Day 23: Things you’ve learned that school won’t teach you

The single most important thing that I’ve learned that school won’t teach you, is that school isn’t that important. By school, I mean college and by important I mean, as a testament to intelligence or happiness.

My mom didn’t go to college until I was in grade school so I grew up watching her struggle as a student/waitress and finally succeed in becoming a teacher. I think because of her struggles, my mom beat it into my head that college was the only way for success. Obviously she’s right if I wanted to be successful in certain careers but what I want to do with my life doesn’t require a degree. After spending three semi miserable years in college, I decided to quit. It wasn’t making me happy and I still wasn’t sure what I wanted a degree in. For a few years after quitting, I had intentions to go back and finish my degree. But 6 years later, those intentions are gone. I can honestly say that I doubt I will ever return to a university. I’m just not interested and my happiness is found elsewhere. I used to feel a bit inadequate for being a college drop out but those feelings have also subsided. While I don’t have a piece of paper saying that I completed a course of study, I’m an intelligent person. I’ve been educated through reading and travel and parenthood and more generally, just life. I may never be able to legally teach my own class at a public school but I have taught my own boys how to read and write before they’ve entered that public school. On the opposite end of my lack of a degree are people I know who can barely speak the english language (though it’s their first language) and have finished their college education. I can’t bring myself to believe that they’re more educated simply because they went to school.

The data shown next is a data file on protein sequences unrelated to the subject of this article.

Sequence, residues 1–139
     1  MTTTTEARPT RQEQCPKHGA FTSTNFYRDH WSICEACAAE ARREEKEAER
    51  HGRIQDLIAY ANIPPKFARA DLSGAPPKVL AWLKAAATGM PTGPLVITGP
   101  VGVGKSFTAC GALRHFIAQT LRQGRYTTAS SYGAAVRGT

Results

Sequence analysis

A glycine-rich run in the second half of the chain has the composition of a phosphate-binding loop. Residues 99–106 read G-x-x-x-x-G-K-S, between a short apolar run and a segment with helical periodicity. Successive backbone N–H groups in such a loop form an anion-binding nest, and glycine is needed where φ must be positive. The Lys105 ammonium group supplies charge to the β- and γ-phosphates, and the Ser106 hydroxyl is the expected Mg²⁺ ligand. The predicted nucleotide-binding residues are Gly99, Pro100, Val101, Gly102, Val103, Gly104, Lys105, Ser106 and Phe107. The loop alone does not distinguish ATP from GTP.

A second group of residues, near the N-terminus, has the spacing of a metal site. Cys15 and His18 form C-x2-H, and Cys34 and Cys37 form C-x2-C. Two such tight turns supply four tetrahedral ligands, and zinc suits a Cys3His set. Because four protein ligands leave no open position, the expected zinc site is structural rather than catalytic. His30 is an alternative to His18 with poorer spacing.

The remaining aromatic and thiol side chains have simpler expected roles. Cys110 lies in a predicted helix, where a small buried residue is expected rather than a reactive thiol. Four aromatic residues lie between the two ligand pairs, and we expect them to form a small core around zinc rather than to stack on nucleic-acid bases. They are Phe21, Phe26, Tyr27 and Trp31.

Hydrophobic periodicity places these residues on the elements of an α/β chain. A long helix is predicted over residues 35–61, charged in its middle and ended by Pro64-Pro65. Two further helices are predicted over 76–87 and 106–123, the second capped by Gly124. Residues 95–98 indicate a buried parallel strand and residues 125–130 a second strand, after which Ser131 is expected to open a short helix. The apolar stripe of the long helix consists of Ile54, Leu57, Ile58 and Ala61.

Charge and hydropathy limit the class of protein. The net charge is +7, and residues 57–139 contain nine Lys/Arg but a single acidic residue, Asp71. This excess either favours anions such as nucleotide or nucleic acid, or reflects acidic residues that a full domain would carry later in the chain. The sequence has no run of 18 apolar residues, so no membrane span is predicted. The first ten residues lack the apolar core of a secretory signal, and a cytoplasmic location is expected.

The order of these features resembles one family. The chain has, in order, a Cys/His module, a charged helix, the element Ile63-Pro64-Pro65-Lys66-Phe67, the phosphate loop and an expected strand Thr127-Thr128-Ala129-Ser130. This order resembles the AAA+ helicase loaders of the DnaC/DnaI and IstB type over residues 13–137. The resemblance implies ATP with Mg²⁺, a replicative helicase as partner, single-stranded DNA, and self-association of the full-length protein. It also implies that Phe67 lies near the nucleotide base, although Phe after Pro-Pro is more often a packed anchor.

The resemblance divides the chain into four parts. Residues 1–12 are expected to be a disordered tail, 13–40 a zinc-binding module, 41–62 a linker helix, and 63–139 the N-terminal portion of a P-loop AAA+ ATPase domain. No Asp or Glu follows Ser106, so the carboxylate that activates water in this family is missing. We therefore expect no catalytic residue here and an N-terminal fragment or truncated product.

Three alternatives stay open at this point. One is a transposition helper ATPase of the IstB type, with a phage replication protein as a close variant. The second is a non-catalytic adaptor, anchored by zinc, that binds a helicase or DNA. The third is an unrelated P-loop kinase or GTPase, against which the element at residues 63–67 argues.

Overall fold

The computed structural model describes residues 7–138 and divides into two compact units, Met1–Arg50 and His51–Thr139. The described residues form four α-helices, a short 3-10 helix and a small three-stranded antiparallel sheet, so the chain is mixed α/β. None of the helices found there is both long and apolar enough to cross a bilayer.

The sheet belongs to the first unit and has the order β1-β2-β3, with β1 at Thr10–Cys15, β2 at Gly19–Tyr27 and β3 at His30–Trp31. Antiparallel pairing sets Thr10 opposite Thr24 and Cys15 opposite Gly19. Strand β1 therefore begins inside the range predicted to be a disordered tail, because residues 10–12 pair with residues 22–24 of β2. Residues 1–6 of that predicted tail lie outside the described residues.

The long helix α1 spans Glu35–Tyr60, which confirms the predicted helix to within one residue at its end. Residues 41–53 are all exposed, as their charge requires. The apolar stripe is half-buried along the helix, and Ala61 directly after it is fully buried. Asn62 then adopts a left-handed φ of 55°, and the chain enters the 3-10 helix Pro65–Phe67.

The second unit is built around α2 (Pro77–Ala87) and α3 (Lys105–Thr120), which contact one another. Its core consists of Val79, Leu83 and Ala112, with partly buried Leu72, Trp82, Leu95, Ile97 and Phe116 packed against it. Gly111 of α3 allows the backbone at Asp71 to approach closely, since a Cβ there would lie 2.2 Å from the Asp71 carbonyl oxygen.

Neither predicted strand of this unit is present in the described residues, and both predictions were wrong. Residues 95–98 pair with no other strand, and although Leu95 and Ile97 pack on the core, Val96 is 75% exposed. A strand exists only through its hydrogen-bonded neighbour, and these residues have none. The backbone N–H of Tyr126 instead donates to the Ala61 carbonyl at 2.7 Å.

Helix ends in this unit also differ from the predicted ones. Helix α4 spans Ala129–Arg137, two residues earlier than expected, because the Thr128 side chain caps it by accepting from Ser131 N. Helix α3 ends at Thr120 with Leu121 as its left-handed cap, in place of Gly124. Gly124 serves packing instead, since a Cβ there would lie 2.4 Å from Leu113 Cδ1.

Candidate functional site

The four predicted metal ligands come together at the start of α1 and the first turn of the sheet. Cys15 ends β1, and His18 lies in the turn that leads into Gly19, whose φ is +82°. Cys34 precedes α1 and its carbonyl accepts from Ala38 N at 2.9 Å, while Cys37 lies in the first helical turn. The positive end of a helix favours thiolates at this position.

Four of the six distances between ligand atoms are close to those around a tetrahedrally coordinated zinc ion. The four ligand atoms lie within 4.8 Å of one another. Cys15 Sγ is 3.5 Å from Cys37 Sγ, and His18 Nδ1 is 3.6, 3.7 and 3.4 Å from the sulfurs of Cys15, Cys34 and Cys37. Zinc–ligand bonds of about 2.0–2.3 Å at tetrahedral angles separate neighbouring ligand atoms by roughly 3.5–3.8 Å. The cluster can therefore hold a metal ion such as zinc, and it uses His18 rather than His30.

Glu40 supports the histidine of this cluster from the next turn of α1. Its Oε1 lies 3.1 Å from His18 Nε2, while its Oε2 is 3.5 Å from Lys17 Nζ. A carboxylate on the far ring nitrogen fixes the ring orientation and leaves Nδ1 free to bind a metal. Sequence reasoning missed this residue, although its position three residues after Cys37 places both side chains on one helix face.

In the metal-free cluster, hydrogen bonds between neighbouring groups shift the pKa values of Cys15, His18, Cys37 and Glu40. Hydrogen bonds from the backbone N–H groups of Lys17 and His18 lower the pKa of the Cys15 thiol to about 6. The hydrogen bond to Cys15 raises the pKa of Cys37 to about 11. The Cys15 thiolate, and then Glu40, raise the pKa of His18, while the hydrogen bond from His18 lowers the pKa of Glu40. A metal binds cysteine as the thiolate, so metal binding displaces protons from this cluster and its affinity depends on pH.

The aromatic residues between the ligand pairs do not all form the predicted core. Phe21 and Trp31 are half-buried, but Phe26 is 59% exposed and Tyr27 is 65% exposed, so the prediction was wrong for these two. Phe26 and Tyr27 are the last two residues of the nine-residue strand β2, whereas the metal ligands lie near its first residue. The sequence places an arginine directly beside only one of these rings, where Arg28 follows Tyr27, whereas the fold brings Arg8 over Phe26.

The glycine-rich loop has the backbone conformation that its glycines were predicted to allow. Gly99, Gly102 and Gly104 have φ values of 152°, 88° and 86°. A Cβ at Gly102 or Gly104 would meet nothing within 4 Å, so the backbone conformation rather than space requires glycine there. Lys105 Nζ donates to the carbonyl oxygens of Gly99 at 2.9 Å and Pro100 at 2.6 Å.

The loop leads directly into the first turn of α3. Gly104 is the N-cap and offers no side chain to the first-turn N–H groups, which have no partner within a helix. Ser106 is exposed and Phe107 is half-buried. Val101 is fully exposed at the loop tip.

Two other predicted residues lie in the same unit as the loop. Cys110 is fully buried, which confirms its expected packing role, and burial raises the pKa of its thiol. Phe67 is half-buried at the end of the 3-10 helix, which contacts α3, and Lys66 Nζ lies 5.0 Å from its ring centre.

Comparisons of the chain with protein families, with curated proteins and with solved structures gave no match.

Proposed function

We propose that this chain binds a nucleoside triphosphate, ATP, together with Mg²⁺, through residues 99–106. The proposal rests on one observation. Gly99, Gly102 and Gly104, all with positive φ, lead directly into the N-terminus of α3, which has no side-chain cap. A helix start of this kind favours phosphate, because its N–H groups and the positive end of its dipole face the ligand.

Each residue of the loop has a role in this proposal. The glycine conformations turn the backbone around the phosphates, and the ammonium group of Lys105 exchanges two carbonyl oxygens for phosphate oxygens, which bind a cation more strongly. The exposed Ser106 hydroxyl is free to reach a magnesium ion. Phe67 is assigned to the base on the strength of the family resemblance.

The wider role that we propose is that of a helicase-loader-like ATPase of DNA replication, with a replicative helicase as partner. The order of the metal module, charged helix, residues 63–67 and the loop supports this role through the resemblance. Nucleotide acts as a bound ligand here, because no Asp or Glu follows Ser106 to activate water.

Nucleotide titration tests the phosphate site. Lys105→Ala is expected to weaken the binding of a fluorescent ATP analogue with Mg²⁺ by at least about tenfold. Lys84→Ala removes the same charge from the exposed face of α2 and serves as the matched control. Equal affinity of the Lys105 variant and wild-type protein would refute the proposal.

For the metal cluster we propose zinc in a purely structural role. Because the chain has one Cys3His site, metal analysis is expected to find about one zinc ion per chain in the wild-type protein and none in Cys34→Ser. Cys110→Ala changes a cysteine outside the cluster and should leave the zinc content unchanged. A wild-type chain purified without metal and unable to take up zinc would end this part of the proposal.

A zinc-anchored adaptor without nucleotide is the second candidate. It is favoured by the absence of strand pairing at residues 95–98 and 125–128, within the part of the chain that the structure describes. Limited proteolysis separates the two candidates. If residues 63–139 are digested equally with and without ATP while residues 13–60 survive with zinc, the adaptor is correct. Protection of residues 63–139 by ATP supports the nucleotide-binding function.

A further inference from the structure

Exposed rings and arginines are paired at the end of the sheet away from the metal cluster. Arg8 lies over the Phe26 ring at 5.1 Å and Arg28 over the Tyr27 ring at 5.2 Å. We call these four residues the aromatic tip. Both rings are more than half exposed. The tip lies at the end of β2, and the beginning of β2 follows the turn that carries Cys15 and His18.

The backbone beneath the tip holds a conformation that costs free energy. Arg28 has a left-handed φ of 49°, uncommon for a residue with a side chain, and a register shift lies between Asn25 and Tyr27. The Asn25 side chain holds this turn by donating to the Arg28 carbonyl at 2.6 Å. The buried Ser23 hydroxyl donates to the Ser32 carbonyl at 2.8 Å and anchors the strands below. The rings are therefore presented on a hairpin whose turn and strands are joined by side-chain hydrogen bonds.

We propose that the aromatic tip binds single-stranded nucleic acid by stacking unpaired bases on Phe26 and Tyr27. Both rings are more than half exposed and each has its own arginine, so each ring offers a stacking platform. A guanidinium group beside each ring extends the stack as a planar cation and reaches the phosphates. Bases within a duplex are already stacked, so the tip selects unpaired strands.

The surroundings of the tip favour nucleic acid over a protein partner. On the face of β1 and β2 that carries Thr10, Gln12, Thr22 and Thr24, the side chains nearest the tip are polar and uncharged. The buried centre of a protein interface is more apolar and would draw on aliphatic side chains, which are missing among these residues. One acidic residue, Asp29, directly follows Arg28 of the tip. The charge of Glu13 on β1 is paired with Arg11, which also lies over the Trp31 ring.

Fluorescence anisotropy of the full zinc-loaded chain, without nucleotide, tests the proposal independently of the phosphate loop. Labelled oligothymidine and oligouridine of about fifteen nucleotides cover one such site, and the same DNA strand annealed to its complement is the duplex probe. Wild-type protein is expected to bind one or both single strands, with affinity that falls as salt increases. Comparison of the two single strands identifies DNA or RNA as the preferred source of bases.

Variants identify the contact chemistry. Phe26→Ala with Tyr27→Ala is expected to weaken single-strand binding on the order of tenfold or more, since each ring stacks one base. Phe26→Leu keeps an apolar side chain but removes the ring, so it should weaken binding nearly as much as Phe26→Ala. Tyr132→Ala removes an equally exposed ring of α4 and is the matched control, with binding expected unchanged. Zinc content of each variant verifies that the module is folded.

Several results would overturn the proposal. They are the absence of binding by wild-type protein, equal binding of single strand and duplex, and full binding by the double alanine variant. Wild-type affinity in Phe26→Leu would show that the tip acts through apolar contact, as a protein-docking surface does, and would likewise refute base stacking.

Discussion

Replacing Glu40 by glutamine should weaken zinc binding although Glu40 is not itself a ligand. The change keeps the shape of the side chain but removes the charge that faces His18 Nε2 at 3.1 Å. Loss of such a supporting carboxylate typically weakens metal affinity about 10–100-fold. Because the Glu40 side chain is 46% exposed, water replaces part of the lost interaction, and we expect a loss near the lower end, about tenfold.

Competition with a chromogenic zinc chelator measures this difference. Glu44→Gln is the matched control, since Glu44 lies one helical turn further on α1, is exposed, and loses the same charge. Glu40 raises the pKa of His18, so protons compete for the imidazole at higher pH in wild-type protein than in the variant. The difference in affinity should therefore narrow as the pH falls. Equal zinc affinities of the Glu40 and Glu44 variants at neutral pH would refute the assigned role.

When it comes to my children I hold the same beliefs. I don’t care if they go to college. I have some really smart kids and I hold them to very high expectations but not just in school – in life. They will move on to have their own life when they’re done with high school, but whether that’s college, traveling, volunteering, working, etc, doesn’t matter to me. As long as they are making forward progress, doing good in the world, and happy, I will be content with their choices.

I’ll leave you with this article that I found interesting. Our view of education is changing…

http://thechoice.blogs.nytimes.com/2013/03/07/do-you-really-have-to-go-to-college/

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